There is a small path to the right towards the Inner Shrine where we can go like pilgrims did centuries ago to purify body and mind in a shallow part of the sacred river. If you visit I recommend to take the path down to this area of the river where you can do the same (wash your hands and rinse your mouth with the pure water) and feel the sense of purification before entering the space of the Naiku (Inner Shrine). The giant trees once you get closer to the Naiku are wonderous in their size and pure energy that permeates the site.
I recently made my third pilgrimage to Ise this November 2013, thirteen years after my last visit. This time I visited by myself, a time of personal re-newal . I took advantage of having a few days free while my daughter was on on her own journey (I timed my journey with her Junior. High School trip to Kyoto, Nara and Universal Studios) and my husband was away at sea for his work. It was a time for me to greet Amaterasu, the Sun Goddess and honor my promise to myself of returning each decade.
Though it was three years after my intended return, it was perfect timing as this visit was just after the 62nd re-building of Ise Shrine, which took place just one month ago in October 2013 (actually some construction was still taking place when I visited). It was thrilling and quite a different experience to see the new wood and clean crisp lines of the roofs and pale golden sheen of the newly constructed structures. At the same time I could see the weathered buildings which have stood 20 years on the adjacent site, that were in 'mid-life' the last time I visited.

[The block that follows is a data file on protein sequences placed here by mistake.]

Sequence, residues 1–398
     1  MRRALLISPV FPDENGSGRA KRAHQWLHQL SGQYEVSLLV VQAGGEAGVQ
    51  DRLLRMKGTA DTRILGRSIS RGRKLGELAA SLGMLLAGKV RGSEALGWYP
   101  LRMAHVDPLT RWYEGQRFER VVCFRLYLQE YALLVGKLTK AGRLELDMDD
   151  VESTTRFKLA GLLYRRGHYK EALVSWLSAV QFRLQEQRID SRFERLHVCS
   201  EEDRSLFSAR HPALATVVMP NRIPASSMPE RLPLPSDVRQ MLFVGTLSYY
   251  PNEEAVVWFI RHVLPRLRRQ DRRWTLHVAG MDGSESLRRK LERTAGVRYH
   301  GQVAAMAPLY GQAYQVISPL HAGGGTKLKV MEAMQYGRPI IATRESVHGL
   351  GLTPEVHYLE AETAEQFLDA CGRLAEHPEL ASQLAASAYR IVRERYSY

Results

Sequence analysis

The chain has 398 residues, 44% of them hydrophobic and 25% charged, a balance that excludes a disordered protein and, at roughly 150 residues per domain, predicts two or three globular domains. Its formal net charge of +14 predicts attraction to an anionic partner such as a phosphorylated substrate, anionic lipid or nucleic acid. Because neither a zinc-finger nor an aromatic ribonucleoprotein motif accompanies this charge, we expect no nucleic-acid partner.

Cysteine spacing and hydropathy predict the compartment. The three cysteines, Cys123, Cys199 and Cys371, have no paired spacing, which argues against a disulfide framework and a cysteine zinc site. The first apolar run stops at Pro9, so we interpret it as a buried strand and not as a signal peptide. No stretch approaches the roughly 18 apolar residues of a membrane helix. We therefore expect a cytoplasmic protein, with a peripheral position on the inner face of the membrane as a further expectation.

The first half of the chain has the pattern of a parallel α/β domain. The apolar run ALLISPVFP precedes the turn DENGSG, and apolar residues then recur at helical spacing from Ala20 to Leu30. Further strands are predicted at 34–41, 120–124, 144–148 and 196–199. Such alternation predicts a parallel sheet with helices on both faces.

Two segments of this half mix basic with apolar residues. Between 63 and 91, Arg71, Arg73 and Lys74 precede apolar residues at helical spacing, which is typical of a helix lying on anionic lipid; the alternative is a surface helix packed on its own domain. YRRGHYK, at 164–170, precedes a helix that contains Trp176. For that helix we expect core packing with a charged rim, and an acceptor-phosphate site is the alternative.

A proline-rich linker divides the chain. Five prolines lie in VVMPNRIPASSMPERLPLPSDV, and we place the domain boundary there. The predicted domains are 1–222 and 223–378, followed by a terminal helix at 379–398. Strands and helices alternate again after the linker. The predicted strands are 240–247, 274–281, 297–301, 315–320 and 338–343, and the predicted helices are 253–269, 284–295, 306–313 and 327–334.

In each twenty year period there are only a few months where it is possible to see the old and new at the same time. Although we can only view a peek at the tops of the old buildings which are behind tall walls there is enough opportunity to get feel for the way the roofs have weathered and the color and texture of the wood has changed when seen in contrast to the new buildings on the adjacent site. The old buildings will remain until December of this year (2013) so there is still one month left if you are reading this and wish to take advantage of this unique timing! The next time the shrines will be rebuilt will be in the year 2033.
I entered once more over the Uji Bridge and took the path down to the river, washed my hands in the clear glistening water and looked up to a clear sky through the delicate leaves of the momiji trees that are one of Japan's famous and characteristic foliage, so perfect to see here in this center of Japan's spirit and heart.